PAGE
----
Missing women might explain failure of UN climate change talks

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This giant spider has reminded me once again of who’s too often missing from the climate conversations we sorely need.

The spider straddles the main concourse of the Qatar National Convention Centre in Doha, host of COP18 — the 2012 round of UN negotiations aimed at tackling climate change.

This is a massive irony. While the spider — called ‘Maman’ — is a monument to motherhood, the negotiators who passed beneath her during the two-week conference were largely men.

In fact, there has never been a conference of parties (COP) to the UN climate change convention at which even one-third of the negotiators were women. In recent years women were the heads of fewer than 15 per cent of the national delegations. This chart from GenderCC shows the disparity.

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This shameful pattern is set to change. One of the few rays of light to shine out of the Doha conference was a decision [PDF] by the nearly 200 governments present to promote gender equality in the negotiations.

What’s shocking is that it has taken 18 years for governments to get to this point. What’s saddening is that the language of the binding decision remains weak. It only “invites” countries to strive for gender balance in their delegations. What’s a source of hope is that gender and climate change will now be on the agenda of all future negotiations.

Until more women participate in the UN climate change conferences, we can expect a male-skewed view of the problem and ways to solve it. We can expect outcomes that fail to reflect fully the needs, wisdom and vision of half of the world’s population. And we can expect more of the bullying and indifference to suffering that have tainted the talks over the years.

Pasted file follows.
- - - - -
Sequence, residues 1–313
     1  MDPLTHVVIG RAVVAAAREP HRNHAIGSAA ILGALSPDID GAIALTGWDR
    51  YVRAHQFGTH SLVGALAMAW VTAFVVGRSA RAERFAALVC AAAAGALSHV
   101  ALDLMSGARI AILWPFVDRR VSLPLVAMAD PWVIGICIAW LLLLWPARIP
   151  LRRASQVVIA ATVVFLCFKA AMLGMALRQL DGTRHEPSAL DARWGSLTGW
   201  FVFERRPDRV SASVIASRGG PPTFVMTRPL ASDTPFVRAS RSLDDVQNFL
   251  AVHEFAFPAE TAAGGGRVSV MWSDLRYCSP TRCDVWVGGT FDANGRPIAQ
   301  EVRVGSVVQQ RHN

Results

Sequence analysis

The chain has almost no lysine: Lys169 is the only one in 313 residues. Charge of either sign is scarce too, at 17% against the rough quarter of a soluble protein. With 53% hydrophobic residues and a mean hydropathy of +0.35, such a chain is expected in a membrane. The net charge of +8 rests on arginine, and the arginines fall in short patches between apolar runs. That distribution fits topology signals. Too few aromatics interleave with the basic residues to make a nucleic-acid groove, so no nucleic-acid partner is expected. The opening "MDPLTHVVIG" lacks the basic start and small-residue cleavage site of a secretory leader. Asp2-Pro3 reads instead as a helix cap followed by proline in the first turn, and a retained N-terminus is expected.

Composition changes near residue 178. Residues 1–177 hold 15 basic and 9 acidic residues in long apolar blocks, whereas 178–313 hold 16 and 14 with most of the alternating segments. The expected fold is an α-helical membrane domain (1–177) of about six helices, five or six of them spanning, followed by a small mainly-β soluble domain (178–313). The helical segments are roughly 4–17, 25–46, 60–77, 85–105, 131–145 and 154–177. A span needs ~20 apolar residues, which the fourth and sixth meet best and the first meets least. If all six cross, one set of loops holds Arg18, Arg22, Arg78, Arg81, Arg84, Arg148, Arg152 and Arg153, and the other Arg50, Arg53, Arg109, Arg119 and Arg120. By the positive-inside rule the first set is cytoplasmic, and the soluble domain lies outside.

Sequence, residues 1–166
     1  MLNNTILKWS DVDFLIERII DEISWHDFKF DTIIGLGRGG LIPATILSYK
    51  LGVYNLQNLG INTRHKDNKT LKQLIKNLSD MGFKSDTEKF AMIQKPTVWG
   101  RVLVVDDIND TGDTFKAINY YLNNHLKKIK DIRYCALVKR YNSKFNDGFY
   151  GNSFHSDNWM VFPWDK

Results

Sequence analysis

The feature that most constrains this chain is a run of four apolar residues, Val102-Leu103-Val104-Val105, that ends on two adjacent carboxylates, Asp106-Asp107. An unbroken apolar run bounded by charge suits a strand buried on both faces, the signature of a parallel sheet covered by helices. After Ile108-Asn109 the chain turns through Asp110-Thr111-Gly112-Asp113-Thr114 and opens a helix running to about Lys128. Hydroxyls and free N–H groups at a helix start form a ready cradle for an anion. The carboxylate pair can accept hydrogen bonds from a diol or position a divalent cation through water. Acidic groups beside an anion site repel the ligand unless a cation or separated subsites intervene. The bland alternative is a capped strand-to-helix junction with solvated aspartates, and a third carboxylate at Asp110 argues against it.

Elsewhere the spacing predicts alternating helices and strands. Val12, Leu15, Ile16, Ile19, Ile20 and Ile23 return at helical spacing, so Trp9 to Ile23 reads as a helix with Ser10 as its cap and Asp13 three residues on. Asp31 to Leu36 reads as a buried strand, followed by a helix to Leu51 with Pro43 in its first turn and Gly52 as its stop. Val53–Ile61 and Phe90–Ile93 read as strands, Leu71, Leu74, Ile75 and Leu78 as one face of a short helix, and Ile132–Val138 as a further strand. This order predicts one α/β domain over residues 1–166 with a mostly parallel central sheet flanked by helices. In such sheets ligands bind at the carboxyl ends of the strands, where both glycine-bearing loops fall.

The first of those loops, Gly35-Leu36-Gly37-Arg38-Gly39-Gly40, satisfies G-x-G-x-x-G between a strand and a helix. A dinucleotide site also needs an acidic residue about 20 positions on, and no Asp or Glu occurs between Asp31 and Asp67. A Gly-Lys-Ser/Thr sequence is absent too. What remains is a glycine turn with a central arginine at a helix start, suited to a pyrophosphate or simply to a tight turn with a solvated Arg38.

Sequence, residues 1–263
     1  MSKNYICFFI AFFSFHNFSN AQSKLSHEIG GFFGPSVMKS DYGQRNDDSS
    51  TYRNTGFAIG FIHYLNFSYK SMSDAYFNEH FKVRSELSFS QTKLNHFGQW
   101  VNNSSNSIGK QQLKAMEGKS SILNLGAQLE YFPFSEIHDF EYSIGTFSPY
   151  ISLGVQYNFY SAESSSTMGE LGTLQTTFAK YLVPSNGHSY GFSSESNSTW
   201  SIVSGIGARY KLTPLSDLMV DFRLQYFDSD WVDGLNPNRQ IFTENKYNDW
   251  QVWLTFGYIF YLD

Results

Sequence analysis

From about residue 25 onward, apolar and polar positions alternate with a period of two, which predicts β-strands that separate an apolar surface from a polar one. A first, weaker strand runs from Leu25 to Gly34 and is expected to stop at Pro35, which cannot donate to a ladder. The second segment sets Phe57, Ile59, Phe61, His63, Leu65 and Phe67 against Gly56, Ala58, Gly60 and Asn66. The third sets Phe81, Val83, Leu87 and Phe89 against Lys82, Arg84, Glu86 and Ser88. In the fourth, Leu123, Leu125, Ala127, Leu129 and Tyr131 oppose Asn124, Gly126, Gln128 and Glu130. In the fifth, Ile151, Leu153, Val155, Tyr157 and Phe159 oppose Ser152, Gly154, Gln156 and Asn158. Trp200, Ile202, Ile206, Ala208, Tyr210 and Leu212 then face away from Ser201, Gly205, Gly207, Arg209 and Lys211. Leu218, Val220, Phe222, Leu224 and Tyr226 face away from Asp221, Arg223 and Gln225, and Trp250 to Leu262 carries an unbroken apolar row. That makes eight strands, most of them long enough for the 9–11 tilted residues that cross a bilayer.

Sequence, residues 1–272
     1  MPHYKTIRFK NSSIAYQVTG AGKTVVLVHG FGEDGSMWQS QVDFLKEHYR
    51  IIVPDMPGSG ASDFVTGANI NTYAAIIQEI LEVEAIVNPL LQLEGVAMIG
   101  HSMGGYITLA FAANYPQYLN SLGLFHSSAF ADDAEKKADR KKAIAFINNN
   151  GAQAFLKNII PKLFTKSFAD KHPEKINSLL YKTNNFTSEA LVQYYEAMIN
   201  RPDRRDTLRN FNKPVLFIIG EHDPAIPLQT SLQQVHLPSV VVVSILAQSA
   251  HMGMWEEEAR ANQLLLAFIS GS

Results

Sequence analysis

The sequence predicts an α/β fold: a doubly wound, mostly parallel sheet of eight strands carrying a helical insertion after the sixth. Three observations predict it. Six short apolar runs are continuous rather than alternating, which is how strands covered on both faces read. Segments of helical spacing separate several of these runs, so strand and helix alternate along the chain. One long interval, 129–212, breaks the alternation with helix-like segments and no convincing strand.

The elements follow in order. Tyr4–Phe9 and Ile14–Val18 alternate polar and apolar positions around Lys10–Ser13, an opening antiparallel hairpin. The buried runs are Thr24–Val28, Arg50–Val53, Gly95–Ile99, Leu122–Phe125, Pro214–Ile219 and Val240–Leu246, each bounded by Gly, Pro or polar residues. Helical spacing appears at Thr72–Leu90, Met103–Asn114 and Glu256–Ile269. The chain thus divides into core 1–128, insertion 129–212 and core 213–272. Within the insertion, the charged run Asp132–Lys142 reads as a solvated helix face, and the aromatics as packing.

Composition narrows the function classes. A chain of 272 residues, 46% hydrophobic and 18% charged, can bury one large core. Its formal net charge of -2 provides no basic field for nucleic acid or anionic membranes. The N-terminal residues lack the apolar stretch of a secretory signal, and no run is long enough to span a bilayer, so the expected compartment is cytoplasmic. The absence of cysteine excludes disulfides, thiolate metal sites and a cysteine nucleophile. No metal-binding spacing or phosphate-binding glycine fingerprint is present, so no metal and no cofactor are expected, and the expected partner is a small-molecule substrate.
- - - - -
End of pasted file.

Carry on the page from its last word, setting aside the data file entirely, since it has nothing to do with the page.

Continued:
The failure of the talks so far — the slow progress, the weak agreements, the lack of leadership — has been the failure of men. I’ve attended the negotiations for each of the past six years and each time I’ve come away less sure that the big men of the world who claim to be leaders have any real desire to lead.

This time it’s personal. This time I am a father-to-be with a child in my mind. So when I arrived at the Doha conference and saw the giant spider, it mesmerised me. I knew that Louise Bourgeois had made the sculpture as a tribute to her mother, who had died when Bourgeois was 21. I spent 30 minutes there deep in thought about my wonderful pregnant partner, thousands of miles away, about the family we will form together and the climatic changes our child will experience.

For the next five days, I took a photo of the spider every time I passed it and counted the number of men and women who stood beneath the sculpture. It’s not scientific, I know, but for every woman, there were 2.6 men. I wonder how many of them saw the plaque on the wall that named and explained the sculpture with a quotation from the artist:

“The spider is an ode to my mother. She was my best friend… Like spiders, my mother was very clever… spiders are helpful and protective, just like my mother.”

Clever. Helpful. Protective. That’s just what the UN climate change negotiations need to be but what, mostly in the hands of men, they are not. Perhaps they will be when more women —  more mothers — take part.

Maman